Amy Winehouse's signature hair has now made a modern comeback, as it was popular during the 1950s. It was no surprise that the beehive hair was popular, being quite similar to the bouffant hairstyle — and the invention of hairspray in the 1940s is what made both of them possible. The beehive was even harder to achieve than the bouffant as it required more hairspray and was taller. Today, this hairstyle is usually only attempted for red-carpet events and special occasions. 

Brushed-under bob

The bob never really went away after the '50s, and we've seen all kinds of takes on the style in the years since. The last few years have seen women resurrect the curled-under bob specifically, as it's easy to upkeep and easier still to style. You don't have to do much other than straightening your hair and flipping it towards your face at the ends. The 1950s curled-under bobs even had some flair with softly brushed-out waves, but a modern take on this bob will be just as beautiful. 

The pompadour

This 1950s style was worn equally by men and women and got its name from Madame de Pompadour, a mistress of Louis XV, according to FashionBeans. It was a style that was worn in many different ways (especially since both men and women had the cut) but it was generally characterized by the big pile of hair on top of the head. 

Curled-under bangs

In our opinion, nothing exemplifies a retro look like curled-under bangs. These bangs were also called "bumper bangs" and were popularized by stars like Rita Hayworth. To get this style, separate either your bangs or pull a part of your hair from the top of your head to the front. Then you curl the bangs by wrapping them around your fingers and pinning them under and on the sides. 

The pageboy

The pageboy hairstyle was one of the most prominent of the 1950s, probably because it was easier to do and set than some of the other styles. It required only the bottom of your hair to be curled while the top and sides were pretty neatly straight. This gave women that shorter hair look they were going for without being too boyish. It was the best of both worlds for women in the 1950s, and it has made its resurgence today as women are going back to that old Hollywood look.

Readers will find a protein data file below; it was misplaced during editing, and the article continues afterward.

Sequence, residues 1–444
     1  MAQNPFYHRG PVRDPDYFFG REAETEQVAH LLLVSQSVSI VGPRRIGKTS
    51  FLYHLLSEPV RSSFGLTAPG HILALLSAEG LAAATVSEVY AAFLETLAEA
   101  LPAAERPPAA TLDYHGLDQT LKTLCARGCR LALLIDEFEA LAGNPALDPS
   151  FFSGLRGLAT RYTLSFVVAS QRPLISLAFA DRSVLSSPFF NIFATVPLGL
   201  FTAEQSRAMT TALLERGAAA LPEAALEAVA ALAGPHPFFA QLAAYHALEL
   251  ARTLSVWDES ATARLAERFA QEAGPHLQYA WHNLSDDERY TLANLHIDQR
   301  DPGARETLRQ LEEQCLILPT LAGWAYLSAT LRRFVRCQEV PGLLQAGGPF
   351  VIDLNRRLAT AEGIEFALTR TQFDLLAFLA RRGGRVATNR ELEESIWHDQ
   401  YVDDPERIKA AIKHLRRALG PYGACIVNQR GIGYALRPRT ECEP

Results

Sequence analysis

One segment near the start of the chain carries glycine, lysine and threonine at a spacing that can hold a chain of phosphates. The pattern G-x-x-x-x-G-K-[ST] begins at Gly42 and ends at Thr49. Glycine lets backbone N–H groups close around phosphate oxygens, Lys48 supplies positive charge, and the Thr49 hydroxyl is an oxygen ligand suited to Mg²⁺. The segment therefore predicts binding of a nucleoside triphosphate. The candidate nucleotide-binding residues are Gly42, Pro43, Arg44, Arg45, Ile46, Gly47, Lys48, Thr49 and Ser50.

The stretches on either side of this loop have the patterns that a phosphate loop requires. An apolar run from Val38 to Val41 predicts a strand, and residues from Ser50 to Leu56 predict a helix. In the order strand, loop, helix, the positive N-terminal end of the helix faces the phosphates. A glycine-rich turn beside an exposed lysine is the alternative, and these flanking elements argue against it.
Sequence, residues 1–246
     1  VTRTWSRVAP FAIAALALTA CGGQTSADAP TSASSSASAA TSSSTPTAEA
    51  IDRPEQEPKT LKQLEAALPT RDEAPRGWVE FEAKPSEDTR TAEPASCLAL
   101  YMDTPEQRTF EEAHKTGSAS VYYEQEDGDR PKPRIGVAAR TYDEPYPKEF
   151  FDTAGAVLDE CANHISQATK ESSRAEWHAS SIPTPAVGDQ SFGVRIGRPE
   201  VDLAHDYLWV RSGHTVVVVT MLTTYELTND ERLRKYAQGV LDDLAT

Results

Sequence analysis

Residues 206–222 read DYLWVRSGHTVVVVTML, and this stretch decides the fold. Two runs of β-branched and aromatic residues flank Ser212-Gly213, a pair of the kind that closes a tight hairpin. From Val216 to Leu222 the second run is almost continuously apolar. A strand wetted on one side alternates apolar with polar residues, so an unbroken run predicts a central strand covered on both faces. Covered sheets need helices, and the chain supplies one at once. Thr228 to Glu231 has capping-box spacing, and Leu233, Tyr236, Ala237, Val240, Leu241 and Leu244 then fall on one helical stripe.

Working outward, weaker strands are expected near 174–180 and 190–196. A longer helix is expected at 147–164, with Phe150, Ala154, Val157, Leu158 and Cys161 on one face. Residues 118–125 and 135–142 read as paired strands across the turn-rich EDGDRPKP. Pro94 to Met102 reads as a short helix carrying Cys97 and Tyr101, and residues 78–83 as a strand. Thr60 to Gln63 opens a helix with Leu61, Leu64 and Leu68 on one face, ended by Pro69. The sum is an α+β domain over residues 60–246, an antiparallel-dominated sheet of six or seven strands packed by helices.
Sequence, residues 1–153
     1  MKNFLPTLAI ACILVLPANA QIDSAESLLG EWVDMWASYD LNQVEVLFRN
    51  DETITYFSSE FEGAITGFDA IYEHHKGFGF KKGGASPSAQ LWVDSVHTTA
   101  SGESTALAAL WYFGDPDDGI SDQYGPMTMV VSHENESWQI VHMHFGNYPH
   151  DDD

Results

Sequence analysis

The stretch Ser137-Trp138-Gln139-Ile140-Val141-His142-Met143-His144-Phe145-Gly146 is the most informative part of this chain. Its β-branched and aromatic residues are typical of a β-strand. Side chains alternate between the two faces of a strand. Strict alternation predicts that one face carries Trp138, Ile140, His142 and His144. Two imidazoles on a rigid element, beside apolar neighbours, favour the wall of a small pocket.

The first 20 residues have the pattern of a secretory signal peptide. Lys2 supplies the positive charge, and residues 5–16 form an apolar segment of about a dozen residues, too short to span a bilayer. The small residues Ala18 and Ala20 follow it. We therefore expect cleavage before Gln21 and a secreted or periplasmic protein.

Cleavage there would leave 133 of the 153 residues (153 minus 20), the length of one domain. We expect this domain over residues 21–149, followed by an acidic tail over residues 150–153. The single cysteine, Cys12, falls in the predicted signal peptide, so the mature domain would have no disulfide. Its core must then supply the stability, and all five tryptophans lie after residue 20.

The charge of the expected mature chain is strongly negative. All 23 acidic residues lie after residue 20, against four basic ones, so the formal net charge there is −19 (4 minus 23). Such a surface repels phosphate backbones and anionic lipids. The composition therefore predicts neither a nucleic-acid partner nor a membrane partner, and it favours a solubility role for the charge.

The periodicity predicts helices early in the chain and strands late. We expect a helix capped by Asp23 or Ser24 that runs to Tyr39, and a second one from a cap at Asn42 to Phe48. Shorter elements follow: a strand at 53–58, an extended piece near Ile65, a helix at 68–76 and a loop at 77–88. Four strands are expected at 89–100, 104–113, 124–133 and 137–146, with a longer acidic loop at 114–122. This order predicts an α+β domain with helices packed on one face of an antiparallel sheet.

French bob

Another bob of the '50s was the French bob. This hairstyle is very laid-back and easy to style as it does not require any smoothing or voluminous waves. The cut is straight across at the bottom and hits as high as mid-cheek or down to above the chin. The only thing you'll have to worry about with this style is how many of your friends will copy you. 

Wavy ponytail

For women who wore longer hairstyles in the 1950s, sleek waves were all the rage but a sleek ponytail did the job in a pinch, too. Putting your hair up into a ponytail still showed off some curls and length but was more appropriate for times when you were working. Today, this style is still worn all the time, even on the red carpet — most notably, Kate Beckinsale has worn the style multiple times.

Faux bob

The faux bob was a lifesaver for women in the 1950s who didn't want to cut their hair short but still wanted to try the style out. The faux bob is achieved by curling and then gathering your hair into a loose ponytail, and finally pinning the bottom half underneath the top half to achieve a look that's somewhat similar to a curled-under bob. It would usually end up being thicker at the bottom where it curled up and women could choose to either straighten or softly wave the rest of their hair to finish off the look. 

Pixie cut

Ah, the iconic pixie cut — this hairstyle's star seems like it will never fade as it just keeps staying through the decades. Longer in the front and shorter in the sides and back, this hairstyle is a breeze to style and is perfect for powerful women who are always on the go (or even just for busy moms who don't have time to curl their hair every day!). It does take some dedication as you have to commit to regular visits to your salon for trims to keep its shape, but it saves you time in the long run if you're a no-fuss kind of gal. 

Super curls

Super tight, super bouncy, super voluminous curls were one of the most feminine hairstyles of the 1950s. With rollers being all the rage, some women chose to give their hair this kind of treatment every day. Your hair doesn't have to be a particular length to enjoy this hairstyle either — hair of all lengths was tightly curled to give women a full head that can only be described as a glorious crown. The 1950s saw Marylin Monroe give us all a run for our money with her iconic curls.